Does Nowruz symbolize a return to the roots for the former soviet socialist republics of Central Asia?


Nowruz is a celebration coming from the Zoroastrian practises, a pre-Islamic religion established in various regions from Iran to the Aral Sea (in Uzbekistan), as well as in Afghanistan. It is still practised nowadays between the 20th and the 22nd March, at the time of the spring equinox. While Islam is predominant in these areas, Nowruz appears to be one of the few vestiges of Zoroastrianism that is still widely celebrated.

Even though it originates from religious traditions fallen into oblivion, this celebration was forbidden by the soviet authorities as early as 1937, due to a vast anti-religious campaign. As it was more traditional than religious, some soviet republics used to celebrate it in a non-official way, in Azerbaijan, Turkmenistan, Kazakhstan, Kyrgyzstan or even Tajikistan for instance. It was not until the Perestroika in 1985 that Nowruz was once again celebrated as an official holiday, and then in 2016 that it was included in UNESCO’s intangible cultural heritage. Thus, many identity markers specific to Central Asian civilisations have been reshaped or even suppressed by Soviet policies, just like Nowruz. Since the fall of the USSR, some Central Asian republics have found themselves almost without cultural or identity markers, forcing them to reconstruct a national narrative from scratch. Is the Nowruz festival a symbol of this desire to emancipate themselves from the Soviet historical narrative for the current Central Asian republics?

From a civilisational point of view, Nowruz does not have any border. As a matter of fact, although originally a Persian religion, this festival is celebrated in Central Asia by both Turkic-speaking (Kazakhstan, Kyrgyzstan, Uzbekistan and Turkmenistan) and Persian-speaking (Tajikistan) ethnic groups, both nomadic and settled. However, it is necessary to bear in mind that the physical borders do not consider the ethnic distribution of the populations, so that Persian-speaking populations can be found in Turkic-speaking regions and vice versa. As the Silk Road allowed many cultural and religious exchanges, not only economic ones, many traces of Zoroastrianism have also been found in the region, especially in Kyrgyzstan. During the process of Islamisation of these territories from the 8th century following the battle of Talas, the evidence of Zoroastrianism’s past was annihilated, and there are few physical traces of its existence in the region, although some of them are exhibited in national historical museums. How can we explain that an intangible heritage has survived centuries of Islamisation and then Sovietisation?

Contextualising the Cultural and Religious Landscape in Central Asia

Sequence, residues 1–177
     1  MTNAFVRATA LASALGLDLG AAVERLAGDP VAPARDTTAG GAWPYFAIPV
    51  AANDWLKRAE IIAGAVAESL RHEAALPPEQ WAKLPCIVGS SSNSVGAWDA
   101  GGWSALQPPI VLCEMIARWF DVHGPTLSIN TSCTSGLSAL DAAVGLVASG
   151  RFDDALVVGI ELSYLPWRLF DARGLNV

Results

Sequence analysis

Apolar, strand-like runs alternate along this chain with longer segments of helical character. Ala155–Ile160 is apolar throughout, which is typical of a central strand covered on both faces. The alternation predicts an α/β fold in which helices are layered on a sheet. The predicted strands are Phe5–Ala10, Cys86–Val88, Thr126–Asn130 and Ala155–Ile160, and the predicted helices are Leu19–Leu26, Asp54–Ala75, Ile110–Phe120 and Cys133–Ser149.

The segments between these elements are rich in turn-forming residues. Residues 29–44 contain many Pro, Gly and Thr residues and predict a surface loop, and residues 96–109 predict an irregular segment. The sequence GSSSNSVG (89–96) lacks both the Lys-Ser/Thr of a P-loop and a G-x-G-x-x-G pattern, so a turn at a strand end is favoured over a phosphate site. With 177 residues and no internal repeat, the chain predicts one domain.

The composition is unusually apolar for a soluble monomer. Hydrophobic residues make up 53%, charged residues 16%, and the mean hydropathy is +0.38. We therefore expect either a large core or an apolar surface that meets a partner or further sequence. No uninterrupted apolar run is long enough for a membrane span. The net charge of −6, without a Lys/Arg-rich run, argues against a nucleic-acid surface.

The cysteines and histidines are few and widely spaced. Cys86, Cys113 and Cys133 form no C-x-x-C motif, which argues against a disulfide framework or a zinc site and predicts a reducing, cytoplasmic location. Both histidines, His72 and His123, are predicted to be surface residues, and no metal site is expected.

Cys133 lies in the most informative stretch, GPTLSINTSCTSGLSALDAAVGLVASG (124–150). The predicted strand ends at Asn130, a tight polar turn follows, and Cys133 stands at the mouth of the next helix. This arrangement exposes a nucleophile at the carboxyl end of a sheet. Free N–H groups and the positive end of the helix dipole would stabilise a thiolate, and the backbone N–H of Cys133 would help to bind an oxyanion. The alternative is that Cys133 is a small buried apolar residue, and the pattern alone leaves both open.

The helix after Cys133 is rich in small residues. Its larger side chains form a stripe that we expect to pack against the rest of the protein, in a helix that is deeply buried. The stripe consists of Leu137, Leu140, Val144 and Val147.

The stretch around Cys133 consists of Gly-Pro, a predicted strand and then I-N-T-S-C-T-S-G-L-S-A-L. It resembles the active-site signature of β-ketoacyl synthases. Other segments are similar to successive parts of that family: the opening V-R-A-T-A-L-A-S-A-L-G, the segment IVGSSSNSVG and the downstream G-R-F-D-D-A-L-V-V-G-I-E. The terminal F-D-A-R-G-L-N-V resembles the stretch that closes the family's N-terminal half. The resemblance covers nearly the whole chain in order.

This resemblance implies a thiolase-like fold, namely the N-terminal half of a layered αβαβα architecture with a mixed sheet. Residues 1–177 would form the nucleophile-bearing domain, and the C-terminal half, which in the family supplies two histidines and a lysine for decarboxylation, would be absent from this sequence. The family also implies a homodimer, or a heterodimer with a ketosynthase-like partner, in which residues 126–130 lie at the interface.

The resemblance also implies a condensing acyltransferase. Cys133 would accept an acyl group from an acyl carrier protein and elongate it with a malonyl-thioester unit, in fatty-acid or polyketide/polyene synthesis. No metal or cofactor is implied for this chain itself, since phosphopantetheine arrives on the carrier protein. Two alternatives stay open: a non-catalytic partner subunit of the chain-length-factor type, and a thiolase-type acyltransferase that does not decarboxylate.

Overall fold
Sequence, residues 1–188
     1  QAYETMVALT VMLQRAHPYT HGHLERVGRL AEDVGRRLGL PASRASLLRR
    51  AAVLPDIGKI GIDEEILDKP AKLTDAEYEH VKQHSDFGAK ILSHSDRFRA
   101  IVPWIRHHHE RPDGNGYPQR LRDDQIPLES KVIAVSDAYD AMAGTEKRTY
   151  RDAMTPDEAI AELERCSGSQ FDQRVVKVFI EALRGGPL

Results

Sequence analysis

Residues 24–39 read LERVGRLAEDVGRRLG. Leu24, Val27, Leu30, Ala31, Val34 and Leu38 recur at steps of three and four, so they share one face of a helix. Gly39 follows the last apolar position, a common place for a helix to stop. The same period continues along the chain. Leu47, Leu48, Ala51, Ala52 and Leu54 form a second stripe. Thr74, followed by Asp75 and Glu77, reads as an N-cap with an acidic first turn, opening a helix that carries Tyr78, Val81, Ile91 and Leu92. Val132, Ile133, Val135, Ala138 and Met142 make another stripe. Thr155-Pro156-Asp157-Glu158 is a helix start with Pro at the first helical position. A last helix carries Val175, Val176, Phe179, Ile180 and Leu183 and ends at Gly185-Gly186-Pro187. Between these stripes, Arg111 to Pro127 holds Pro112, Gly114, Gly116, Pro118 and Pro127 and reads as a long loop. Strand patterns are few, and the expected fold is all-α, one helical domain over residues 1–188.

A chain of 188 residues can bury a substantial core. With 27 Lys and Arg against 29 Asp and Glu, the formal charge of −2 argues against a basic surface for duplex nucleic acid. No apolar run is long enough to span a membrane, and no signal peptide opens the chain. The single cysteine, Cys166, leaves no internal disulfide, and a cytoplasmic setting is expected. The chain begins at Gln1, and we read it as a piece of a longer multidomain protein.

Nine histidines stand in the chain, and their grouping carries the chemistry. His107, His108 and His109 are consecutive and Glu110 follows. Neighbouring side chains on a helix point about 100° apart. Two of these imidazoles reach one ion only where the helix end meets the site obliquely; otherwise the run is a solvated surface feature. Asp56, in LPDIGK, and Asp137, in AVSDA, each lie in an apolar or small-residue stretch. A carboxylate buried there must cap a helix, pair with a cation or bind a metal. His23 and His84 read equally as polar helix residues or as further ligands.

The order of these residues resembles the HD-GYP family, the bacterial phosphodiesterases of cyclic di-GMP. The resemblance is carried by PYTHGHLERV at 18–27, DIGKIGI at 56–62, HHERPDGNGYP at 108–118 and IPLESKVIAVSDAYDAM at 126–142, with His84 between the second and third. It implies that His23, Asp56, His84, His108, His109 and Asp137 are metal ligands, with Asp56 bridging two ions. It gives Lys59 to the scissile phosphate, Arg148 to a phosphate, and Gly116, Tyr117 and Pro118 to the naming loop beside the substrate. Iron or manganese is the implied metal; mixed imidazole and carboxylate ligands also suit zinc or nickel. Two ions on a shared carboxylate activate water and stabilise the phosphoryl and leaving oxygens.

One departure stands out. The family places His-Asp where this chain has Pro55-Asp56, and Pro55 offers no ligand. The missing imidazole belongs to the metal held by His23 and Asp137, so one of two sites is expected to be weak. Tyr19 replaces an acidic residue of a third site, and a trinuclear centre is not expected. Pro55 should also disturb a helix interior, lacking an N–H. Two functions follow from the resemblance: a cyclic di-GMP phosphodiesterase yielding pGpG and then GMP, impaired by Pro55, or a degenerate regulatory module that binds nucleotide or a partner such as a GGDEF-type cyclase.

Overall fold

At the dawn of the 21st century, the former Soviet socialist republics of Central Asia are questioning the different ways of redefining their culture and especially the predominant previous cultural influences to preserve or not. It is necessary to go back to the Soviet period in order to better understand the choices made by the current leaders of the various republics. As early as 1921, the revolutionary Mirsäyet Soltangäliev noted that nomadic peoples such as the Kyrgyz and Kazakhs were much less favourable to the strict practice of the Muslim religion, unlike sedentary peoples such as the Uzbeks. This is still reflected in the influence of religion in the different states, and it is not surprising that Uzbekistan has one of the largest religious activity in the public space. Since it is a necessity to put aside Russian and, above all, Soviet influences in order to start anew, the Central Asian republics are giving in to external influences from countries with which they share common identity markers such as religion. We find two actors: Turkey, officially secular but with a Sunni majority, and the Islamic Republic of Iran, with a Shiite majority. At the end of the USSR, Iran’s influence in the region was in fact minimal, and it is mainly in Tajikistan that we observe a relative Shiite religious activity influenced by Iran. On the other hand, Turkey has been able to increase its soft power extremely effectively even today in Kazakhstan, Kyrgyzstan, and Uzbekistan in particular, both culturally and from a religious point of view. Thus, although remaining secular, these republics are widely influenced by Turkey in their cultural and religious practices. However, countries with a nomadic tradition tend to counterbalance this Turkish cultural influence to preserve the rites and traditions linked to nomadism such as the Jailoo (in summer, the Kyrgyz move to the mountains for pasture). Similarly, it is especially in Kyrgyzstan and Kazakhstan that certain ancient traditions are resurfacing, notably with the relative rise in popularity of Tengrism and shamanism, which are specific to Turkic-speaking nomadic populations. Nowruz seems to fall into the category of cultural and religious practices that allow populations to gather around common ancestral roots.